Carnegie Museum of Natural History
If the name Fedexia strikes you as a bit odd, that's because this prehistoric amphibian
was discovered near a Federal Express building at Pittsburgh International Airport. Vaguely reminiscent of an overgrown salamander, Fedexia probably subsisted on the small bugs and land animals of the late Carboniferous
period (about 300 million years ago).
Long considered to be the first true amphibian, Hynerpeton retained some features reminiscent of the lobe-finned fish (and earlier tetrapods
) from which it evolved, including multiple-toed feet and a noticeable fin on its tail. This creature's greatest claim to fame may be that its fossils were discovered in Pennsylvania, not otherwise considered a hotbed of paleontology.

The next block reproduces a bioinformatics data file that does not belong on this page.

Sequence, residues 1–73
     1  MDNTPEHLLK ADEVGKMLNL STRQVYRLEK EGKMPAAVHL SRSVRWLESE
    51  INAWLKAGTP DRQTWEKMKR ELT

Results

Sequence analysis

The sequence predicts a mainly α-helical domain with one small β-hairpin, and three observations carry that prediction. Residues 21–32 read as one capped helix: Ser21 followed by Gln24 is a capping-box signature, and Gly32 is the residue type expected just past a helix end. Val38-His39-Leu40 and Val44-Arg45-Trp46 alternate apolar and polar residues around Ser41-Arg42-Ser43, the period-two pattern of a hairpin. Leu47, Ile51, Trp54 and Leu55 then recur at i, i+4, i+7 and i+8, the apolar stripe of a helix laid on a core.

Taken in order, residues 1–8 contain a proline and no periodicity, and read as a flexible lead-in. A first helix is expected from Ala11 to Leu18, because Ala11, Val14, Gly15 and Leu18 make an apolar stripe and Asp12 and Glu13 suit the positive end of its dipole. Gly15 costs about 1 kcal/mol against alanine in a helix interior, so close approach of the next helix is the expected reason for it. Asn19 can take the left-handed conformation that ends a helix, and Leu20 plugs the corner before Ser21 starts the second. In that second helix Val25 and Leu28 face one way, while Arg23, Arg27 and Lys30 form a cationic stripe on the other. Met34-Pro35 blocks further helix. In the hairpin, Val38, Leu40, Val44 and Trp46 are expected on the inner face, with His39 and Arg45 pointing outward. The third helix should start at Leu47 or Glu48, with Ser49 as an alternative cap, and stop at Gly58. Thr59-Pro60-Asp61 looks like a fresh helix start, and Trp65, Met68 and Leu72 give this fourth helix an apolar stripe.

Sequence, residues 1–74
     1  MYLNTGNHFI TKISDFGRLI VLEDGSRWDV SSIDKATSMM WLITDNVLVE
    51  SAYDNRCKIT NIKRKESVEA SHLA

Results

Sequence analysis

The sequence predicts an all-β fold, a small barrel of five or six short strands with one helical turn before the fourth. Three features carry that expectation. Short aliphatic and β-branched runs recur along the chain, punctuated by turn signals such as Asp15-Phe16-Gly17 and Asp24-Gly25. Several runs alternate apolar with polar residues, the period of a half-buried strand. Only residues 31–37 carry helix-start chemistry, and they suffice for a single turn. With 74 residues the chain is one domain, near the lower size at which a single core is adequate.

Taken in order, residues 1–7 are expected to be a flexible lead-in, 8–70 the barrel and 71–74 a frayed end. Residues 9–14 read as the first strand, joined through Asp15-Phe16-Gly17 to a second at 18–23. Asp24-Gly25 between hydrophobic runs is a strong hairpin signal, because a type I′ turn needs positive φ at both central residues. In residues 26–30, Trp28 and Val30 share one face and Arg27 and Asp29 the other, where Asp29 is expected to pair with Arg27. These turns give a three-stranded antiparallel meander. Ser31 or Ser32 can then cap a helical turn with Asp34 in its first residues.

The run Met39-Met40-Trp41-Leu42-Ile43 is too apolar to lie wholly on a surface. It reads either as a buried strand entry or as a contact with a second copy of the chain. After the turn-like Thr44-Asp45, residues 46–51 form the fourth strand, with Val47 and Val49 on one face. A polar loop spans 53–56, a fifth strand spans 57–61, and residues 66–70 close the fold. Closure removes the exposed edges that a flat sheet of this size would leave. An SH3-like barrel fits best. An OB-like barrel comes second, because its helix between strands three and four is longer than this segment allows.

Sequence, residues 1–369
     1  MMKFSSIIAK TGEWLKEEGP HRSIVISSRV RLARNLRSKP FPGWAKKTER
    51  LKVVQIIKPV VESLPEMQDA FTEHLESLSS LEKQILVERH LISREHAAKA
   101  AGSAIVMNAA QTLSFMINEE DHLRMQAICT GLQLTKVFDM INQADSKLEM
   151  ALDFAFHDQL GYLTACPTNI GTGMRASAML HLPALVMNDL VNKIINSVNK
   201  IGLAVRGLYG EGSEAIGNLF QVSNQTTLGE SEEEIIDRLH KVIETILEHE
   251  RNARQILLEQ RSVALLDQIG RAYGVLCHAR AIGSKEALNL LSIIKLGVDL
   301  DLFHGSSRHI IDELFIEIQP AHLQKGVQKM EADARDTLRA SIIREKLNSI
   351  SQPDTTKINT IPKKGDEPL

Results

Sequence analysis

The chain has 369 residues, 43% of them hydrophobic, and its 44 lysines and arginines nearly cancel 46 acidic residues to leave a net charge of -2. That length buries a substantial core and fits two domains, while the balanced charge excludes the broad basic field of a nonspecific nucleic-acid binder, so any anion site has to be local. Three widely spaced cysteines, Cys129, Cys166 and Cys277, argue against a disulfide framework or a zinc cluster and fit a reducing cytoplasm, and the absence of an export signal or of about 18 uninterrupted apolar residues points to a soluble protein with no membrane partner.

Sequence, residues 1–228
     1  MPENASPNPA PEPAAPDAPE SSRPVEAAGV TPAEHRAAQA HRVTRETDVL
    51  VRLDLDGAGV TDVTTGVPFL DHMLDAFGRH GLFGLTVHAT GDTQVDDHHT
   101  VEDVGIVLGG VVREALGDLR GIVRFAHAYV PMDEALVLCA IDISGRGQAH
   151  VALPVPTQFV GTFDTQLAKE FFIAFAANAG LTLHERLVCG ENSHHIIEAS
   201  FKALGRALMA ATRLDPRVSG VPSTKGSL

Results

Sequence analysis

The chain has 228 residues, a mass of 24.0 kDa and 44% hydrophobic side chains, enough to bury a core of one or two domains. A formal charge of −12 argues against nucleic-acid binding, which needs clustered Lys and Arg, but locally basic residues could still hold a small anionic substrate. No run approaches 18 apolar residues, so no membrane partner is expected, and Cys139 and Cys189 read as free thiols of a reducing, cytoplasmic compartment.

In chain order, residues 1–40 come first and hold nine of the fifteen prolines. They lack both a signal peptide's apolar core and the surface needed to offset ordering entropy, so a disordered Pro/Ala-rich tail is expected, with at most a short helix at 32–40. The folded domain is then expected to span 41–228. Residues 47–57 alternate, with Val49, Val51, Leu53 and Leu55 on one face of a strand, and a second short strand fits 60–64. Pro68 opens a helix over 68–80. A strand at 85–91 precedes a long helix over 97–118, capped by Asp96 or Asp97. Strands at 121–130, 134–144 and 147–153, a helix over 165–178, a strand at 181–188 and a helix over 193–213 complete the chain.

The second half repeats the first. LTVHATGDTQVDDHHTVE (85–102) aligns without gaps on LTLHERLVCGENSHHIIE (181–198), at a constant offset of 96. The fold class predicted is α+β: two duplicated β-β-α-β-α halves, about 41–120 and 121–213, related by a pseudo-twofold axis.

Hypsognathus was one of the few anapsid reptiles to survive into the Triassic
period; most of these prehistoric reptiles, which were characterized by the lack of certain holes in their skulls, went extinct about 250 million years ago. Today, the only surviving anapsid reptiles are turtles, tortoises and terrapins, many of which can still be found in Pennsylvania.
The official state fossil
of Pennsylvania, Phacops was a common trilobite
(three-lobed arthropod) of the Silurian
periods. The persistence of Phacops in the fossil record can be partially explained by the tendency of this invertebrate to roll up into a well-protected, near-impenetrable armored ball when threatened!